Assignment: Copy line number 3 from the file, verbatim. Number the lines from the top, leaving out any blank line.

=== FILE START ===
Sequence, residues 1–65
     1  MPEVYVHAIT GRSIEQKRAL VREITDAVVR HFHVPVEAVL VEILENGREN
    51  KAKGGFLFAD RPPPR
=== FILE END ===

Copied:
    51  KAKGGFLFAD RPPPR